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Environmental Justice, Community Organizing Focus of 34th Social Work Day at the United Nations
“On behalf of 3 million social workers in 124 countries represented by the International Federation of Social Workers, I welcome you to Social Work Day at the United Nations,” said Suzanne Dworak-Peck. “Social workers are experts in leading communities…to achieve common goals.”
She joined organizing co-chairs Shirley Gatenio-Gabel Professor at Fordham University and International Association of Schools of Social Work Representative to the UN, and Dr. Robin Mama Sakina, Dean of Monmouth University and IFSW Representative to the UN, in opening the April 17, 2017 event to a sold-out crowd of practitioners, professors, students, NGO representatives, associations and other supporters of the social work profession. Attendees from throughout the United States, Canada, Italy, Australia, China and remote participants viewing the live webcast took part in the annual event that shines a light on the significant impact social workers have on the local and global community and provides a platform for social workers to engage on shared goals of the United Nations.
“Our local issues need to be linked to global trends. We must commit to aligning our practices…to achieve the sustainable development goals,” said Gatenio-Gabel in her opening remarks. She referenced the dynamic, innovative, people-centric work of social workers toward ‘Promoting Community and Environmental Sustainability.’ This was the 2017 theme, which relates to the third pillar of the Global Agenda for Social Work and Social Development. Throughout the event, panelists shared examples of local and global activism toward achieving these goals under the Sustainable Development Goals (SDGs) agenda for 2030.
His Excellency the Honorable Ambassador Masud Bin Moment, Permanent Representative of the Mission of Bangladesh to the United Nations, shared Bangladesh’s environmental goals and steps the country is currently undertaking. He called upon the international community to recognize the need and take action toward environmental sustainability. “Social workers can motivate local people to carry out the SDGs,” he stated, encouraging those in attendance to be an active, local voice.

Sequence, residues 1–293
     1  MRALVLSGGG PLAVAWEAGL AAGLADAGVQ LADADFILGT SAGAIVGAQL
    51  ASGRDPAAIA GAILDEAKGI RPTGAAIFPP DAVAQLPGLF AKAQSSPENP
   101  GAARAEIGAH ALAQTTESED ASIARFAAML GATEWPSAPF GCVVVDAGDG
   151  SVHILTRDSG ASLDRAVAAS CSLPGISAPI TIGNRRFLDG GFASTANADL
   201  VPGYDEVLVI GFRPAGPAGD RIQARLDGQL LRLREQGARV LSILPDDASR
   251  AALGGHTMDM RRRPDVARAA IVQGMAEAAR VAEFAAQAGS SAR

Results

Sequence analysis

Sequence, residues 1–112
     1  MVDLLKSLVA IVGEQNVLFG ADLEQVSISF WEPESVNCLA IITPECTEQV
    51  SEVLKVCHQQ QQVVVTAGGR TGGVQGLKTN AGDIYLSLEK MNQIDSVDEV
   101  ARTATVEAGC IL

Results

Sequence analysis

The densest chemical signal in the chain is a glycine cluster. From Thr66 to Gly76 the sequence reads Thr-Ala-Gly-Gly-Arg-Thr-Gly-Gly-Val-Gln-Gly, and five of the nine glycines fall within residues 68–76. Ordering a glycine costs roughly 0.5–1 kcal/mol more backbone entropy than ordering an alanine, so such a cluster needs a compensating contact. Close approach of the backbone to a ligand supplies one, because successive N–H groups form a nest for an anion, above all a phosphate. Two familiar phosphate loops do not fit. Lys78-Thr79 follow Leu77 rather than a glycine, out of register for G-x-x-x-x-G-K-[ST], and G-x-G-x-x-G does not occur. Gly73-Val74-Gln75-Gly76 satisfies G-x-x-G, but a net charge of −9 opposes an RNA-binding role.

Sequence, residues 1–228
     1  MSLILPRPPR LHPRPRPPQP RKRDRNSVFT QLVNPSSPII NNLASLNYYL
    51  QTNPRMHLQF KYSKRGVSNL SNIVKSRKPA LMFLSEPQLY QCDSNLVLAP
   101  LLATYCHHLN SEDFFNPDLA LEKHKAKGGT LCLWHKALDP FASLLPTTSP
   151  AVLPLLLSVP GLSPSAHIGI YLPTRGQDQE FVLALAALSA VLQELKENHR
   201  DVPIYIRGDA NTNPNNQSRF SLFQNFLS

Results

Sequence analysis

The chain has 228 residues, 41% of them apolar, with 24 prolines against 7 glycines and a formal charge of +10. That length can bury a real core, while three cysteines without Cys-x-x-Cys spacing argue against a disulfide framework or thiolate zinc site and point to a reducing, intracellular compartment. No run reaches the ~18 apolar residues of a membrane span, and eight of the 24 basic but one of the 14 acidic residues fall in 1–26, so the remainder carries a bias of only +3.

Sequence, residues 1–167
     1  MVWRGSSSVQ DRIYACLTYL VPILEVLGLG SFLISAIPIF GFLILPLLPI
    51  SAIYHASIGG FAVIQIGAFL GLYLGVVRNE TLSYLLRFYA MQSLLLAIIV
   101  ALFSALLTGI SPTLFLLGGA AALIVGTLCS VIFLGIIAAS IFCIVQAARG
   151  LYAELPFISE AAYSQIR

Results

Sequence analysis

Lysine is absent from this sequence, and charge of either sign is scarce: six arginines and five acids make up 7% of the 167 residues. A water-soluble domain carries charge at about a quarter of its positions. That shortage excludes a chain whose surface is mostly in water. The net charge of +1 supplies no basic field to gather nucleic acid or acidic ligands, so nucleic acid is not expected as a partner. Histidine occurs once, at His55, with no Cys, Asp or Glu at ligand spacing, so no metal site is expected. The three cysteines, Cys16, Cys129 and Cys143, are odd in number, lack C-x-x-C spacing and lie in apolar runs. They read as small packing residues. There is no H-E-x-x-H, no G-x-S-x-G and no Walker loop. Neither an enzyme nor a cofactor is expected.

John Ennis, Chief of Information and Outreach, Office of Disarmament Affairs, United Nations, also challenged social workers to think about how they can be involved in the SDGs. He shared his experiences as a social work practitioner and prior roles in international development. “In my experiences, governments tend to act when civil society is leading the way…Social work plays an enormous role in a country’s socioeconomic development…Today, social issues are more interwoven into other issues.”
Stressing the combined impact of social issues and environmental issues on indigenous peoples, Roberto Borrero with the NGO Committee on the Rights of Indigenous People, spoke about the need to raise these issues at the international level. He highlighted that the SDGs specifically reference indigenous peoples and progress is being made toward inclusion but there are still great challenges and opportunities to do more.
“Today’s history is not written,” said Terri Klemm, Associate Professor and BSW Program Director at Centenary University. She stressed the importance of local community organizing and that taking a stand for the local community’s interest requires skills learned through social work. “Activism is self-care.” She shared her own personal environmental social justice interests and the ways in which she has mobilized individuals in the community to rally around preventing the detrimental impacts of fracking.
Similarly, MSW Student Elizabeth Gustafson shared the ways in which she used her community organizing skills she has learned through her MSW course work and field placements. As a macro-focused student, she emphasized valuing both macro- and micro- level practice. When she joined activists at Standing Rock, North Dakota, for several days in November 2016 she noted that she learned that “Change at the global level is as important as at the policy level.”.
Anna Maria Campanini, President of the International Association of Schools of Social Work, echoed this comment. She agreed that there needs to be greater collaboration and integration between micro and macro-level social work to support provision of services to individuals and also incorporate a policy perspective to create positive change for clients at the systems level. She concluded by saying that “social work can promote peace and culture in communities. The UN and social work can both benefit and have a greater influence upon development.”
Following the event, social work students then participated in a student-led event to continue discussions on how they and the profession can support the SDGs and promote community and environmental sustainability. The events served as a call to action for the profession to continue to take a stand for the best interests of their fellow community members in order to have a combined global impact.